Argentina to take over pensions
President Fernandez's bill will now go to Congress
Argentina's President Cristina Fernandez has signed a bill that will nationalise the country's 10 private pension funds.
The move will put the government in control of almost $30bn (£18bn) of investments and is aimed at protecting them from the global market turmoil.
Shares slumped amid fears of the move's impact and critics accused the government of trying to grab the funds.
The bill needs the backing of Congress, where the ruling party has a majority.
Ms Fernandez said that Argentina needed to protect those with pensions amid falling stock prices around the world.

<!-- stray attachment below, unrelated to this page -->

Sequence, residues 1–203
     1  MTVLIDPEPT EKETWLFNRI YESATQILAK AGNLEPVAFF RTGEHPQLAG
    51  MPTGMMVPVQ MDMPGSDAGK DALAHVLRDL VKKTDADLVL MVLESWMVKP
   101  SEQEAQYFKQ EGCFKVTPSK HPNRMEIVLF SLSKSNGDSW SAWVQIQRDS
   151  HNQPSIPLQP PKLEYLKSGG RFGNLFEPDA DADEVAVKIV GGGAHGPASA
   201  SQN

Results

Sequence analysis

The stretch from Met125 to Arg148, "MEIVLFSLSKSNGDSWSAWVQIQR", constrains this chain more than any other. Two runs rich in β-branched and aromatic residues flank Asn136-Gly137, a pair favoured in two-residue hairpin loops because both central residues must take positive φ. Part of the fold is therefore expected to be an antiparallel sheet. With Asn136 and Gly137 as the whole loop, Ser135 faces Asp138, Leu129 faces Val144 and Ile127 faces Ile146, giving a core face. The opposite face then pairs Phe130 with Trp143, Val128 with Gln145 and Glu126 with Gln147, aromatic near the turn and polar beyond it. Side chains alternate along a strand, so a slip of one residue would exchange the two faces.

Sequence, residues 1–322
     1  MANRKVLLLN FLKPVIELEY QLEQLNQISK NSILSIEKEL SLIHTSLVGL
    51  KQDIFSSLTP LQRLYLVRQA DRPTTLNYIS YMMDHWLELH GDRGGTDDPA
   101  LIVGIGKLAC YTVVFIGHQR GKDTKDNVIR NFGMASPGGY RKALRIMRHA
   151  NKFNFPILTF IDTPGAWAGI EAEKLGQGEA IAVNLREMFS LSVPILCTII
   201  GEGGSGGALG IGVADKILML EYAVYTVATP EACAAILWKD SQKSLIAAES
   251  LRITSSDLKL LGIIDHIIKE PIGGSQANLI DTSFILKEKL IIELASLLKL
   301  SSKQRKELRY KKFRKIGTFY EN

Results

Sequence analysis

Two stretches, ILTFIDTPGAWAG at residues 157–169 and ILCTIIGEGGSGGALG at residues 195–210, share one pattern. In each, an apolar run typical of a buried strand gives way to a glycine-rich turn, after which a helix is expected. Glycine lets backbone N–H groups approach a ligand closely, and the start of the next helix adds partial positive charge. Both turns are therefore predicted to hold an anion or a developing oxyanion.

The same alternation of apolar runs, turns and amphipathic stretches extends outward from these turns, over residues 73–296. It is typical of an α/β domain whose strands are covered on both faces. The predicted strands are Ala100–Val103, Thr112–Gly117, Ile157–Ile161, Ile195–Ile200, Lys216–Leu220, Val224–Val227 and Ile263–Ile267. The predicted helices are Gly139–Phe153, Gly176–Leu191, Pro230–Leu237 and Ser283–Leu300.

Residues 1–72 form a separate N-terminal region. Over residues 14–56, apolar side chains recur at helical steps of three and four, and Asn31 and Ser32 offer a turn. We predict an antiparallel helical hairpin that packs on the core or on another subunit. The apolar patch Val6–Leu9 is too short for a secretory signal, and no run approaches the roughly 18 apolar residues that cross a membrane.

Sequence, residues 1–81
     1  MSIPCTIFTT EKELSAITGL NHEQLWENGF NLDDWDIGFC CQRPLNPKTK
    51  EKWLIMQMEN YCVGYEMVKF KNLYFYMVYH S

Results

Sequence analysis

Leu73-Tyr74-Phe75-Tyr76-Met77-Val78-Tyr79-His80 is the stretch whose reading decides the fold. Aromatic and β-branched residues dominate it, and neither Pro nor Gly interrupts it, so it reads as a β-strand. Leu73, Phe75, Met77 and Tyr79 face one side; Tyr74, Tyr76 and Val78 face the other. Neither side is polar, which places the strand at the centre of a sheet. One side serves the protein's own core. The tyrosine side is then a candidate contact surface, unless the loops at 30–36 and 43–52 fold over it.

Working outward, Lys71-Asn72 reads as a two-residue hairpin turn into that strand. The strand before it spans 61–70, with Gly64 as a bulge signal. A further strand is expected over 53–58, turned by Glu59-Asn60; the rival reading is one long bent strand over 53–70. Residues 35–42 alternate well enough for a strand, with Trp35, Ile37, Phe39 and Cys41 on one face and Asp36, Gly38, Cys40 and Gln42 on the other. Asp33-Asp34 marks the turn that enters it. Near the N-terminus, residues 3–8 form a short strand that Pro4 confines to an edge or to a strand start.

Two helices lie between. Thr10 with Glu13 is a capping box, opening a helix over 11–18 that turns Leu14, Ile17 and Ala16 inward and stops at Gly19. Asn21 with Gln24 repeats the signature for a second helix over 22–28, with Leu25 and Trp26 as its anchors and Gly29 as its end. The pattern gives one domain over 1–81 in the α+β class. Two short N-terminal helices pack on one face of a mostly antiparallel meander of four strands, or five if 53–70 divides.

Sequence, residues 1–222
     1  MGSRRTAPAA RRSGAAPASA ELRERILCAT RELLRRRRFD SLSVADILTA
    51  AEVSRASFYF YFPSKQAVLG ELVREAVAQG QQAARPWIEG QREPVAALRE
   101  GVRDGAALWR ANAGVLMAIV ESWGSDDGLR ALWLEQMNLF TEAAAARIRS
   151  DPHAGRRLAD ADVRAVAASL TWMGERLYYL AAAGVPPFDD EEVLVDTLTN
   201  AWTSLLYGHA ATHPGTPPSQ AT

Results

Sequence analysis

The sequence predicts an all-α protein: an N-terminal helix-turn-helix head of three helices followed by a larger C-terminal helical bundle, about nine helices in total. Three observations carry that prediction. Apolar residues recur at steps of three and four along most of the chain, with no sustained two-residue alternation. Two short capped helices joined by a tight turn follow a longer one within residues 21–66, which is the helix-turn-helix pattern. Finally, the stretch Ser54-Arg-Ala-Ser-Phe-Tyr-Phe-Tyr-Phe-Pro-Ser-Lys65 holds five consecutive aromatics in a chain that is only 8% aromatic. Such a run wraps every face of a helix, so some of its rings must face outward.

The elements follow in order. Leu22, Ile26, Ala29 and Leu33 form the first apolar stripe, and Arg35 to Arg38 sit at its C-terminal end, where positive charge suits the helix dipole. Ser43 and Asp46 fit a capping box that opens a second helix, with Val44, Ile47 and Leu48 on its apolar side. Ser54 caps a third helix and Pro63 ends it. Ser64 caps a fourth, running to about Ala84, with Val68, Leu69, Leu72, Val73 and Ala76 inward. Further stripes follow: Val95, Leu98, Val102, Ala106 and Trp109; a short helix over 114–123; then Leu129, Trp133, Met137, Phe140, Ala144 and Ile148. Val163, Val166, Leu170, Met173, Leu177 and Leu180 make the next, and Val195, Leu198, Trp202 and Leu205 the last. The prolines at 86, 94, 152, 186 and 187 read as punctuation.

However, expectations of the announcement sent Argentine shares 11% lower and critics said the government simply wanted its hands on the money ahead of a tough budget year.
As the 10 private pension funds are the country's largest institutional investors, the announcement also hit the value of the peso and Argentine bonds.
Amado Boudou, head of the National Social Security Administration, which will take over the funds, said the "failed experiment" of private pensions was finished.
But the pension administrators defended the system, saying it had a "solid mechanism" that had seen an "almost constant growth trend in the 14 years of its existence".
Union leaders have welcomed the nationalisation move. The commissions on the pensions and the lack of a guaranteed minimum pension has made the private system unpopular with many Argentines.
Congress, controlled by Ms Fernandez's Front for Victory political grouping, will debate the bill next week.